I’ve just discovered a new word which I love: taskonomy. Donald Norman uses it to describe how we arrange things around us to get our work done. Rather than organise our materials alphabetically or thematically (that’s the taxonomy approach) we assemble things we might use together. Don’s example comes from some anthropological work investigating blacksmiths. At the end of the day a blacksmith doesn’t put all his hammers in one pile and tongs in another. No, he places the hammer next to the tongs and pops them both on the anvil ready for work the next day.
Typesetters of old, as you would imagine, had a similar system. Typesetting cases were arranged so that the popular letters where together and easily accessible. Capital letters were less commonly used so they tended to be stored in the Upper Case, out of the way. This is where we got the terms upper and lowercase letters.
These examples illustrate physical arrangements of tools which represent a craftsman’s knowledge. Do we use taskonomies to arrange our concepts? To me one obvious example are stories, which arrange ideas using a plot. Like a blacksmith arranging his tools ready for use, a story gathers ideas into a meaningful assemblage ready to be told. Social networks are another example of a taskonomy in the sense that the people we know and trust are clumped together into groups like communities, friends, colleagues.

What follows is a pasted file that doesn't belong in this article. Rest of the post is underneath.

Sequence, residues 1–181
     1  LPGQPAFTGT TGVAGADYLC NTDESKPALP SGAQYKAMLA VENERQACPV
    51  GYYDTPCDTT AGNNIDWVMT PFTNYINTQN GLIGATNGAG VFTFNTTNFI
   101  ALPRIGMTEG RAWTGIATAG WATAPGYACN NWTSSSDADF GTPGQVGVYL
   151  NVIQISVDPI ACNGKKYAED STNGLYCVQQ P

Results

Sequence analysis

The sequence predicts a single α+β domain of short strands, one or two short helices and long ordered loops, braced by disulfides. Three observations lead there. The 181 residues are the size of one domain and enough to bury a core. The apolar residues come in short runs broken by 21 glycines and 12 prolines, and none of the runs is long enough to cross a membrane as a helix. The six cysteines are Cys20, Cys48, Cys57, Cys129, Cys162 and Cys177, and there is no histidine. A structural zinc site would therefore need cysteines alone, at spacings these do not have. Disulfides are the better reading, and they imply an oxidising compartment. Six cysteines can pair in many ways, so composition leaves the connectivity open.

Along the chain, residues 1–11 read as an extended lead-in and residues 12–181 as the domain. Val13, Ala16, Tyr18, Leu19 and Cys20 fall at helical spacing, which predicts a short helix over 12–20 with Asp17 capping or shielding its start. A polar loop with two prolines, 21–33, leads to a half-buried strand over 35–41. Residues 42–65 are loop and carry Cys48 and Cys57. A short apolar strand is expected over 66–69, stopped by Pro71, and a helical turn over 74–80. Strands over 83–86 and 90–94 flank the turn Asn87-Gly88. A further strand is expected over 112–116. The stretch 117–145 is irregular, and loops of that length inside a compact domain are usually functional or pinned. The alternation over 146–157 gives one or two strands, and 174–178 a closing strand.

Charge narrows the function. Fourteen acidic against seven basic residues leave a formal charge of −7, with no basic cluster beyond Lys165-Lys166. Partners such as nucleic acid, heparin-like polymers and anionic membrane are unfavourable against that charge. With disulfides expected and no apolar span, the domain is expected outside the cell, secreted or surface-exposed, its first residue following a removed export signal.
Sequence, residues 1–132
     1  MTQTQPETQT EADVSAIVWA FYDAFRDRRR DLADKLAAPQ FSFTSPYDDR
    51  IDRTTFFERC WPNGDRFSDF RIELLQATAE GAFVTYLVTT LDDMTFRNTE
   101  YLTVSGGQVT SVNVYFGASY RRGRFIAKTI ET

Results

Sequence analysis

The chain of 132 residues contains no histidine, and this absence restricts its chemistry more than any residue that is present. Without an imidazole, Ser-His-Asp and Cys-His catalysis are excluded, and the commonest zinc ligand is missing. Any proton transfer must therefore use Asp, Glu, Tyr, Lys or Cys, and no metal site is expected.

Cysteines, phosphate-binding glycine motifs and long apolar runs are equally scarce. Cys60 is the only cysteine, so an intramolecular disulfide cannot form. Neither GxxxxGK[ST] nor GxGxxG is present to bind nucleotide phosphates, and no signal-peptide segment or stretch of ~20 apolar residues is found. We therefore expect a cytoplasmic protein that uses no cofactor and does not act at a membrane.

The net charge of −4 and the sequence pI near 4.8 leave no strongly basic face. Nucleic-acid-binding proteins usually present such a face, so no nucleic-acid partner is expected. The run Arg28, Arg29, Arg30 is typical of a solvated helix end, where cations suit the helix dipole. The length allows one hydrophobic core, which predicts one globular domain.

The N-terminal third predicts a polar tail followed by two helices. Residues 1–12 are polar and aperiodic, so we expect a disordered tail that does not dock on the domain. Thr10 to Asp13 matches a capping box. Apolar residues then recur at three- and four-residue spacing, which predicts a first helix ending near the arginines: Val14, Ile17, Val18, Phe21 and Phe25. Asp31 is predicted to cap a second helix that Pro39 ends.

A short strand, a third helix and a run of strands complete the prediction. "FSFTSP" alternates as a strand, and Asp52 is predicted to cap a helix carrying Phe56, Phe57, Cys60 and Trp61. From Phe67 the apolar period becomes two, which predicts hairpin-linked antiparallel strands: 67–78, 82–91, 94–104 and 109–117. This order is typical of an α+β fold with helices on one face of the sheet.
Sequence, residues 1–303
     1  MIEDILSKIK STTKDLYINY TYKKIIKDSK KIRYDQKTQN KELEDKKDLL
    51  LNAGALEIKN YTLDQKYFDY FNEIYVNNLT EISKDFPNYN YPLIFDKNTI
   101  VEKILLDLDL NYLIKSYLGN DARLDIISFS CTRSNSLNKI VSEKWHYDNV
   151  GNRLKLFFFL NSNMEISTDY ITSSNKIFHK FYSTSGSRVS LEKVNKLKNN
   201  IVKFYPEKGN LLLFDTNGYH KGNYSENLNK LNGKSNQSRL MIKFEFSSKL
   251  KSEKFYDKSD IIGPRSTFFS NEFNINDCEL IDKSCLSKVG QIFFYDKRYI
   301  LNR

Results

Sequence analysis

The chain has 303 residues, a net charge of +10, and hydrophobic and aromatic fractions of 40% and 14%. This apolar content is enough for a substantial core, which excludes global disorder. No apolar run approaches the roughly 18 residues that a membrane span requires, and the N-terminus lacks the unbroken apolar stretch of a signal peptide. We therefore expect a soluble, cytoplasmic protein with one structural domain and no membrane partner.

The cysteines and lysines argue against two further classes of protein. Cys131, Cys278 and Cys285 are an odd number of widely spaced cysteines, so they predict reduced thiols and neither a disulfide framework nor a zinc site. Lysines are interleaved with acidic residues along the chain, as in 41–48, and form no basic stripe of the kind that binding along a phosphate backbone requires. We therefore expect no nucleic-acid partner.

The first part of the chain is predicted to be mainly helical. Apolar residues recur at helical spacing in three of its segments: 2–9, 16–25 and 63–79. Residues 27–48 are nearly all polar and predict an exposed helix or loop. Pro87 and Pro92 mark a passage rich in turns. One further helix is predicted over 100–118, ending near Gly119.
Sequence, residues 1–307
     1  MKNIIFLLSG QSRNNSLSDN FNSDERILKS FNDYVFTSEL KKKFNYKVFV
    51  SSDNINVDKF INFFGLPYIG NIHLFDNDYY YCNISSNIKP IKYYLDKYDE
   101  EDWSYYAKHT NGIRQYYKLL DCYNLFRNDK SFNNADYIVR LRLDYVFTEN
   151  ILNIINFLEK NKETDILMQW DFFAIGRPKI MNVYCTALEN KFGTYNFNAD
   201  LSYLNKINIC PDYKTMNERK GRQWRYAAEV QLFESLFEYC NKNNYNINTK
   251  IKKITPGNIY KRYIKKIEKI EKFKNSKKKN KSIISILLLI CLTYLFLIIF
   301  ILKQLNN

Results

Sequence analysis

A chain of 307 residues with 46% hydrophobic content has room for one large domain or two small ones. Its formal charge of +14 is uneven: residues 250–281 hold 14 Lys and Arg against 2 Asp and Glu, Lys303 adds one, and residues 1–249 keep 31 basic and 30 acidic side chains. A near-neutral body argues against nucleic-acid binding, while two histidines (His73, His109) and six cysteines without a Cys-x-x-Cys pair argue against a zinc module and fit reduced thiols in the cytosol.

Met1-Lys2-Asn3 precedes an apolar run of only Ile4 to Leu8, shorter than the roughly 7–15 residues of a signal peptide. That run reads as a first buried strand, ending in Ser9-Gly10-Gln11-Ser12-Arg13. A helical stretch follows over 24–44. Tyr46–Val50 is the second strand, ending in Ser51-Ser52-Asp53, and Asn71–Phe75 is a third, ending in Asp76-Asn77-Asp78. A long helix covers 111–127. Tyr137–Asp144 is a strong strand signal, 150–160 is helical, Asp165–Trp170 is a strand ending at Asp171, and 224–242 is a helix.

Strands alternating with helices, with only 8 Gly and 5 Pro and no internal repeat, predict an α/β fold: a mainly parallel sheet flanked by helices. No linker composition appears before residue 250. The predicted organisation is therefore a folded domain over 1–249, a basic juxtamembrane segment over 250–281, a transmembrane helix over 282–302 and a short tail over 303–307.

Patrick Lambe’s post put me on to Donald Norman’s idea of taskonomy. Patrick says:
Taxonomists cannot remain in the back storeroom keeping the shelves tidy. They also need to venture into the storefront and see how customers need their information organised for use.
I suggest taxonomists go a step further and get out into the workplaces of their customers, listen to their stories, find out how work really gets done and start incorporating taskonomy thinking in how they deliver their services. I agree with Patrick when he says:
It’s not that taskonomies are any better than taxonomies – in fact, you’ll need both taxonomies and metadata to support your taskonomies behind the scenes.
The problem we face is that organisations are obsessed with order, taxonomies, and wanting their workplace to work like a well-oiled machine. It’s time we shifted the focus to taskonomy and re-balance our approach to organisational issues by including more right brain thinking (design, story, empathy, meaning. symphony, play).
[thanks to Tom Graves for the typesetter example]
About Shawn Callahan
Shawn, author of Putting Stories to Work, is one of the world's leading business storytelling consultants. He helps executive teams find and tell the story of their strategy. When he is not working on strategy communication, Shawn is helping leaders find and tell business stories to engage, to influence and to inspire. Shawn works with Global 1000 companies including Shell, IBM, SAP, Bayer, Microsoft & Danone. Connect with Shawn on: